Oil Shipping

The pandemic has been impacting many industries the world over, with crude oil shipping affecting a variety of markets due to the need for energy and fuel. The International Energy Agency (EIA) released a report on the status of the market. The slowing down of COVID-10 virus spread offered hope in recoveries of global oil shipping demand and supply.  Further, it was also expected that the supply of oil will be greater than demand expected with the new year expected to have upwards production rates especially in the likes of Brazil, Canada and the USA.

The end of 2021 showed that in terms of production and oil shipping, it became a bit more stable with demand recovery a possibility in the new year. The likeliness of more lockdowns and restrictions will have lesser impacts in the future than initial lockdowns experiences in early 2020 to mid-2021. The need for economic recovery has been prioritized over restricted movements, and thus it is expected that oil shipping needs will be higher in the new year.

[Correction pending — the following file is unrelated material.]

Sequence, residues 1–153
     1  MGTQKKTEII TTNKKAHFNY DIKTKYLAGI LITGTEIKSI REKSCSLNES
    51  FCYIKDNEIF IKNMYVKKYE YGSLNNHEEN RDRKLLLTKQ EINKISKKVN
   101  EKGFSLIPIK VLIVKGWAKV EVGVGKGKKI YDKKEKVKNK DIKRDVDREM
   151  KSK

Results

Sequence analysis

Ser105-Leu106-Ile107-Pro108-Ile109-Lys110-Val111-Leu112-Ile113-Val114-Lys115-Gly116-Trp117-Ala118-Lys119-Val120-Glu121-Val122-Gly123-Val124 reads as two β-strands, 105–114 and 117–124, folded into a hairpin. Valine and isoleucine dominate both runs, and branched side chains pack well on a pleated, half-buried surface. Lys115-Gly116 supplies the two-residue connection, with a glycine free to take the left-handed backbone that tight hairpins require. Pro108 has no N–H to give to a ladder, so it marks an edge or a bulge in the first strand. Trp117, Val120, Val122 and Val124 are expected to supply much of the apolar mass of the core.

At the onset of the pandemic, due to the lockdowns, prices for oil and fuel fell, with demand decreasing drastically and economies opting for lesser orders. However, this also meant that oil shipping would decrease with trade oil and oil products requirements dipping from various countries. Yet, when the need suddenly arose with different countries lifting their restrictions and the surge in oil shot up, there were issues with oil shipping and supply gaps which have resorted with certain countries facing power shortages causing energy crisis, such as with China and Sri Lanka.

For the IEA Oil Market report, please visit their website.

More information on the oil shipping market:

Forecasting oil tanker shipping market in crisis periods

Energy Crisis 2021